DA adopts strategies from the following sources:
- DevOps. The DevOps movement has identified a collection of strategies for streamlining software development and operations, thereby improving quality, customer service, and time to market.
- Scrum. The Scrum framework focuses on team leadership and requirements change management. Scrum captures some really great ideas that have become commonly adopted by agile teams.
- Extreme Programming (XP). XP is an agile method that focuses primarily on hard-core software development practices.
- Scale Agile Framework (SAFe®). SAFe captures agile and lean strategies for large-scale agile programs.
- PMBOK®Guide. The PMBOK Guide captures proven project management practices.
- Spotify. The Spotify framework describes several teaming and organizational strategies for organizations new to agile ways of working.
- Kanban. Kanban is a method for managing knowledge work with an emphasis on just-in-time delivery while not overloading the team members. In Kanban the process, from definition of a task to its delivery to the customer, is visualized and team members pull work from a queue or work item pool.
- Agile Modeling (AM). AM is a practice-based methodology for effective modeling and documentation. AM was purposely architected to be a source of strategies which can be tailored into other base processes.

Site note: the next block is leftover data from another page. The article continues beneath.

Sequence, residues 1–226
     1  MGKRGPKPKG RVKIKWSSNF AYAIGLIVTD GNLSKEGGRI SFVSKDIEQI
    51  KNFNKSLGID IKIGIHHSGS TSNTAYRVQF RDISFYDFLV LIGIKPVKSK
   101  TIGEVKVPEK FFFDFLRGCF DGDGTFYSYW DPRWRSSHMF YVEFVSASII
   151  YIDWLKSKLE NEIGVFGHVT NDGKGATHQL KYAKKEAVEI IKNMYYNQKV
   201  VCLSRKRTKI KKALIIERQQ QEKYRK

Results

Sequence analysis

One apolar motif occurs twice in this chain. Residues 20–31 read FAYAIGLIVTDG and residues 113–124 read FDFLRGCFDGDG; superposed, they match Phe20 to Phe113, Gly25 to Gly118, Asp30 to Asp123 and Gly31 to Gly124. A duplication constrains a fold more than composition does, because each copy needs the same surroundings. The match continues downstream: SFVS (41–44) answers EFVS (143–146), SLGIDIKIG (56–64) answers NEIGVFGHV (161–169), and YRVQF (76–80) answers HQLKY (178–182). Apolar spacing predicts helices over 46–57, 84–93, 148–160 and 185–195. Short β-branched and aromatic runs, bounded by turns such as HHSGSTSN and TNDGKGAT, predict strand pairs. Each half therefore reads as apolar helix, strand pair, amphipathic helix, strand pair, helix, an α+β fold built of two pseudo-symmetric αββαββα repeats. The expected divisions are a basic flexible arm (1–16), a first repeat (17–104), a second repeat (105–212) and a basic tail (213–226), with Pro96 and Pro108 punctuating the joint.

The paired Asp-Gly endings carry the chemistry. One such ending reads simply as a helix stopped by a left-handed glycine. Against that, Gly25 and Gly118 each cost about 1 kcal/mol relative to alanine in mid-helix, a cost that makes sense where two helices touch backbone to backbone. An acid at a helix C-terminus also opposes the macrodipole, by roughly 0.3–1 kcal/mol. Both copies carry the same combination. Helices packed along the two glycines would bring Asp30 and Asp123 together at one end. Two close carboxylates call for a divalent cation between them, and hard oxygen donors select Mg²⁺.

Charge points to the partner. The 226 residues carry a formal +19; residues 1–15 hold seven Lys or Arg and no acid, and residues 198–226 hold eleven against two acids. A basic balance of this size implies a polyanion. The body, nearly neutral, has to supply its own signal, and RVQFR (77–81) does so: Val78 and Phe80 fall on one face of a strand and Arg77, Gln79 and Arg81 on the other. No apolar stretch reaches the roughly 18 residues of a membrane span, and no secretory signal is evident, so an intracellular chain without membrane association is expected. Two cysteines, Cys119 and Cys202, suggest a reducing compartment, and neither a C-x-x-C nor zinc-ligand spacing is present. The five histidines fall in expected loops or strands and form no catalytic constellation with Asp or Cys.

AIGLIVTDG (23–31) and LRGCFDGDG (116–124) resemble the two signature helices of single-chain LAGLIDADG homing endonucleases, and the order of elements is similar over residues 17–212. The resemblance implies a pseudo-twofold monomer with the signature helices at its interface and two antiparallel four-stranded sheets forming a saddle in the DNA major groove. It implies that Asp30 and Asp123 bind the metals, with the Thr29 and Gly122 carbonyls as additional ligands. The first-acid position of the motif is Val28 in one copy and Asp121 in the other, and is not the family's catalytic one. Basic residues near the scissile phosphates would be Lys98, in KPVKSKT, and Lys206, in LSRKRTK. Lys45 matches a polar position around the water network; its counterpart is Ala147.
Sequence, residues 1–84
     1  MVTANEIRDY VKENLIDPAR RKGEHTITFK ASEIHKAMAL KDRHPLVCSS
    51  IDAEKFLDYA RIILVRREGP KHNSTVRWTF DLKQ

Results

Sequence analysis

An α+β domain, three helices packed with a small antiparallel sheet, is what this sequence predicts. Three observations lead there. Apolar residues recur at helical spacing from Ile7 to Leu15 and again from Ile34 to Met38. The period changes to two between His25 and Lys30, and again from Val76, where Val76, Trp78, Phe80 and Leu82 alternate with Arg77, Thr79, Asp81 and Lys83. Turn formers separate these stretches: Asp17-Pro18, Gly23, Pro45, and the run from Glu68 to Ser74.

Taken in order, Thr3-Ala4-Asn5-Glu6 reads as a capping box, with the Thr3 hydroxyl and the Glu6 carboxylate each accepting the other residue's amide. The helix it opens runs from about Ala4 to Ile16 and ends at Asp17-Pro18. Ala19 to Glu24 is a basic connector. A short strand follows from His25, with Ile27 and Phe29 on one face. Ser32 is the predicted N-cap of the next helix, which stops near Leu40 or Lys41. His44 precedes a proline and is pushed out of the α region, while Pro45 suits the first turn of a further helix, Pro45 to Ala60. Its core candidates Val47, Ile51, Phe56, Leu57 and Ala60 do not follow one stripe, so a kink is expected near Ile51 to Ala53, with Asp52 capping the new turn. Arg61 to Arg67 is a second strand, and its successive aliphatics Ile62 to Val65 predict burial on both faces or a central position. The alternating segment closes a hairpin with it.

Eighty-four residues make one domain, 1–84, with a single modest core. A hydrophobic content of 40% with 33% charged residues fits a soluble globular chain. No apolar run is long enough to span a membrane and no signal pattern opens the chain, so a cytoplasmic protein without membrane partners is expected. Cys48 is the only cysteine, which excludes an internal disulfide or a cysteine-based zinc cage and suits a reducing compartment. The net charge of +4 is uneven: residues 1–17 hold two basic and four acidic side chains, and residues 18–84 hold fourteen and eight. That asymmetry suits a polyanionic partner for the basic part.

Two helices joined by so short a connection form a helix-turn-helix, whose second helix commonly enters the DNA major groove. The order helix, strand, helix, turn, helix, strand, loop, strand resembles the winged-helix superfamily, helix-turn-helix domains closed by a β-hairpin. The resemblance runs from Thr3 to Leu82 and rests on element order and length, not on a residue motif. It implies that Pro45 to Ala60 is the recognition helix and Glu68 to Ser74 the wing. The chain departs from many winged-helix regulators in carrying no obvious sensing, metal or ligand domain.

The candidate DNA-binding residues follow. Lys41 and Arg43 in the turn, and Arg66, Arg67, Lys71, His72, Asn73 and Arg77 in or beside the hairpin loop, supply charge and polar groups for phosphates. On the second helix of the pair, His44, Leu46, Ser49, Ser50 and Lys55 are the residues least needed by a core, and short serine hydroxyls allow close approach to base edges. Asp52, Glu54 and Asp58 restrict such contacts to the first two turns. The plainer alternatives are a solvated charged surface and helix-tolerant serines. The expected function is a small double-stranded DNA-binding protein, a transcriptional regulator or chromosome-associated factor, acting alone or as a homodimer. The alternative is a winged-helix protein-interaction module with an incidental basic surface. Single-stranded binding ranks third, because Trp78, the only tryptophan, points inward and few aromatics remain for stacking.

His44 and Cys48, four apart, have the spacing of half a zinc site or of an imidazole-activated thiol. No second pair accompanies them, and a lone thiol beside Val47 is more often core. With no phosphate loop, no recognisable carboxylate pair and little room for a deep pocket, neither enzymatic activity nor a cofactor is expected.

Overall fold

- Agile Data. The Agile Data (AD) method defines a collection of strategies that professionals can apply when working with and evolving sources of data.
- Unified Process (UP). The UP is an iterative and incremental process framework. The DA tool kit adopts and enhances several critical governance strategies from the UP.
- Traditional. There are many great ideas coming from traditional, sometimes called serial or even “predictive,” sources that have been contextualized in the DA tool kit.
- Other sources. DA adopts techniques and practices from other sources such as Dynamic System Development Method (DSDM), Feature Driven Development (FDD), Evo, Crystal Clear. We’ve also adopted leaned-out strategies from the ITIL, COBiT, TOGAF, and DAMA frameworks (to name a few) to flesh out portions of DA.
One of the great advantages of agile and lean is the wealth of practices, techniques, and strategies available to you. This is also one of its greatest challenges because without something like the DA tool kit it’s difficult to know what to choose and how to fit them together. In many ways Disciplined Agile (DA) does the “heavy process lifting” for you in that it shows how all of these great ideas fit together, enabling you to get on with delighting your customers.
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